President Rivlin salutes ‘heroes’ who took part in inaugural Veteran Games

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President Rivlin salutes ‘heroes’ who took part in inaugural Veteran Games

Head of state told the group that Britain and Israel faced common enemies of terrorism but were united by shares values like freedom and democracy

Israel's president Reuven Rivlin saltes members the Veteran Games teams.
Israel's president Reuven Rivlin saltes members the Veteran Games teams.

Israel’s President has praised the “heroes” taking part in the first ever Veteran Games bringing together wounded British and Israel veterans and their families.

Reuven Rivlin was hosting the UK delegation at his residence on the final day of the inaugural Veteran Games and mental health conference, which was conceived and developed by Beit Halochem UK’s Andrew Wolfson with the Israeli Embassy. Over five days, more than 100 veterans from both countries competed in a range of sports at the charity’s state-of-the-art centres, while having plenty of time to see the country and talk about their experiences in battle and rehabilitation.

“I see true true heroes here who served their country’s cause and went to war to preserve our values and protect us all. I would like to say: I salute you’

“I’m proud and honoured to see our own IDF veterans who took part in the Games. I salute you too. You all returned from battle. But there were those – your comrades and friends – who did not. Let’s pay tribute to those who made the ultimate sacrifice.”

Israel’s president Reuven Rivlin with a member of the British Veteran Games team.

Rivlin spoke fondly of hosting Prince William at Beit HaNassi last year, adding: “He and Prince Harry are great supporters of sports for injured veterans and talking more about mental health.”

He told the group that Britain faced common enemies with Israel in terrorism as well as shares values like freedom and democracy. As a life-long football fan, he thanked the British for bringing the beautiful game.

The Duke of Cambridge presents Israeli President Reuven Rivlin with a Liverpool FC shirt, signed by Steven Gerrard, during an audience at his official residence in Jerusalem, Israel.
Photo credit: Chris Jackson/PA Wire

The delegation was led by Michael Freeman, counsellor for civil society affairs at the Israeli Embassy. He announced the presentation to the president of artwork created by a veteran and featuring the national birds of both nations.

The event was also attended by new Middle East minister and former navy officer Andrew Murrison, who said he was “humbled” to be in such company. “I would like to congratulate Israel for hosting this,” he said. “They are truly inspirational and I hope the start of something that has a great future.”

Murrison, who has previously written two reports on the treatment of veterans, said: “The mark of a decent society is the way it treats its veterans – that’s the essence of the military covenant. The armed forces in Israel and United Kingdom are the very best of us.

“Whilst the state can clearly never resolve entirely the suffering of those who have taken part in those conflicts it is our duty to do what we can. Inevitably I’m left with a sense of failure it’s a politician that sometimes we don’t do enough.”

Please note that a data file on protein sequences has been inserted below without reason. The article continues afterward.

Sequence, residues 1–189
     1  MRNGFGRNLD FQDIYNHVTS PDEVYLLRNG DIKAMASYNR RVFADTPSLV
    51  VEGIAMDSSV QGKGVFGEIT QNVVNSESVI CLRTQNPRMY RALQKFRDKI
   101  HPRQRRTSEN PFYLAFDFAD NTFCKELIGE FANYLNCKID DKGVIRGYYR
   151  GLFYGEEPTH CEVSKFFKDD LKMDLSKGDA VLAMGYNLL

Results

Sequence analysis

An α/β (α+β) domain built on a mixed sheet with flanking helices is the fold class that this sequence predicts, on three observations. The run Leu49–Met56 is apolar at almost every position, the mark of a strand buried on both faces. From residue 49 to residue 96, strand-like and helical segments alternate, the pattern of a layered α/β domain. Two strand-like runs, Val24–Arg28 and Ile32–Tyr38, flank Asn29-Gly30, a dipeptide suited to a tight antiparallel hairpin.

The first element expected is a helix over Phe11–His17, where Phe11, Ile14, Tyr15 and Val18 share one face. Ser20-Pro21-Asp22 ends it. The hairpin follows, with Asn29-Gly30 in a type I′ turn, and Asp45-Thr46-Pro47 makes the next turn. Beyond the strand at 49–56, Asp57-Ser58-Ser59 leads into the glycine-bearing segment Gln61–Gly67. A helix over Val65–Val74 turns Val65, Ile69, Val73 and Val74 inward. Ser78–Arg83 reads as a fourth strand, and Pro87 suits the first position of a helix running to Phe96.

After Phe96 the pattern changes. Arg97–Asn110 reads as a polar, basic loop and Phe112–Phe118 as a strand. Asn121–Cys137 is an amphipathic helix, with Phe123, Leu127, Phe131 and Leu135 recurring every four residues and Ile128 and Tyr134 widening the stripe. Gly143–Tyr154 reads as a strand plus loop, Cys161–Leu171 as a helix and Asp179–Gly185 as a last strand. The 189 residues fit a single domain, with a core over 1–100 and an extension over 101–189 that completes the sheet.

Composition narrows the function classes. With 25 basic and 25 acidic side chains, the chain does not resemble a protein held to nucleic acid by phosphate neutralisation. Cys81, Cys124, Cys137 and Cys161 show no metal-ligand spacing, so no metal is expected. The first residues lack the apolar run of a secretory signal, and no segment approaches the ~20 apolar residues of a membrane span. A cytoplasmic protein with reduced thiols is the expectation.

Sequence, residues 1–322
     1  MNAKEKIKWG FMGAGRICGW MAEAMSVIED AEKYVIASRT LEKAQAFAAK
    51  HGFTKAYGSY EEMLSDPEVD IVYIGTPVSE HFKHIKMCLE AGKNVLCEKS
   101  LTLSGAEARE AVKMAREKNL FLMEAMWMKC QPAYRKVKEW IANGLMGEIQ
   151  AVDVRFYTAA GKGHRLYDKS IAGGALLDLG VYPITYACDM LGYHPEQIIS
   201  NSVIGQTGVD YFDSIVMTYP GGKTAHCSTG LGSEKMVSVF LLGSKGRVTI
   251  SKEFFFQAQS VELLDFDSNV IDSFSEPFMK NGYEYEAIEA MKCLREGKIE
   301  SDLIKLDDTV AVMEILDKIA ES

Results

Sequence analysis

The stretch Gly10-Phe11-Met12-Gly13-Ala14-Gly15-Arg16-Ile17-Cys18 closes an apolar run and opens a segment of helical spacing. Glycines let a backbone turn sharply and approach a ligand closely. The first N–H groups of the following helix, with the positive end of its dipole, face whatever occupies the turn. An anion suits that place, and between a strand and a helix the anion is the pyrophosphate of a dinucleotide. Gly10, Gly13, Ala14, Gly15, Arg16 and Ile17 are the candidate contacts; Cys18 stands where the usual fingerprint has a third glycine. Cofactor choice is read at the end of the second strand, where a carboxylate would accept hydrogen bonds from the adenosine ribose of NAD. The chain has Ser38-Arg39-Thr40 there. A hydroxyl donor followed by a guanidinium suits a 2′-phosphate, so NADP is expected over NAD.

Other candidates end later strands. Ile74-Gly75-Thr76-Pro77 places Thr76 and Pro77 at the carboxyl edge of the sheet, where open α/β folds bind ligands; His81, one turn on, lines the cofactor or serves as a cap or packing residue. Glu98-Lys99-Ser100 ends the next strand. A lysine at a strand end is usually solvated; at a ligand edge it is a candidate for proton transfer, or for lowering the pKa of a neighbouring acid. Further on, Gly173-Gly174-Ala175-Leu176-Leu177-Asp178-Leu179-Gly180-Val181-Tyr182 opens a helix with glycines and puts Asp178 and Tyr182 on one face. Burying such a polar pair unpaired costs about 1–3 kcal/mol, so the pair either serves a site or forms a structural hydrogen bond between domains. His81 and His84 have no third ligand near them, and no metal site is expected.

The minister, who is making his first visit to the region in his new role, said the bilateral relationship “couldn’t be closer and I look forward in the years ahead to the comradeship being cemented even further”.

Speaking on behalf of the participants, Matt Tomlinson, one of the most decorated Marines with 28 years service before his retirement in 2017, said: “I can honestly say we will never forget this truly amazing experience.”

A member of the Israeli Veteran Games team speaking at the president’s residence

The Games, he suggested, united “strangers that meet but already know each other very well” through their military backgrounds.

And he drew on a famous Royal Marines slang term, hoofing, meaning “beyond amazing”. To the delight of the vets, he told Rivlin: “Your veterans are hoofing. Your armed forces personnel are hoofing. This week has been hoofing. And that we have had a proper hoofing time.” Multiple Paralympic swimming medalist Hanoch Budin captivates the veterans with his inspirational story of reaching the highest levels of his sport after the deepest low of losing an arm in the First Lebanon War.

The programme was funded by donations from The Patron Charitable Initiatives, The Pears Foundation, Rachel Charitable Trust, The Wolfson Family Charitable Trust, The Exilarch’s Foundation, The Maurice Wohl Charitable Foundation and The Charles Wolfson Charitable Trust. Chelsea Foundation was also a significant contributor.

President Rivlin recognising a member of the British Veteran Games team.

Many veterans have spoken about the huge impact of the Games on their rehabilitation and on providing valuable quality time with their families. From low expectations and skewed perspectives on Israel before they came, a number are already hoping to return on holiday. By the time the group said farewell to each other on Thursday night, it was clear many did so as friends and confidants.

He told Jewish News: “The first Israel/UK Veteran Games has surpassed all my expectations. The camaraderie between the participating veterans, their families and the academics will hopefully go on to forge an even closer relationship between our two countries.”

The Embassy’s Michael Freeman, a key player in shaping the event, suggested at the event’s closing dinner that another Games could be held as soon as next year.

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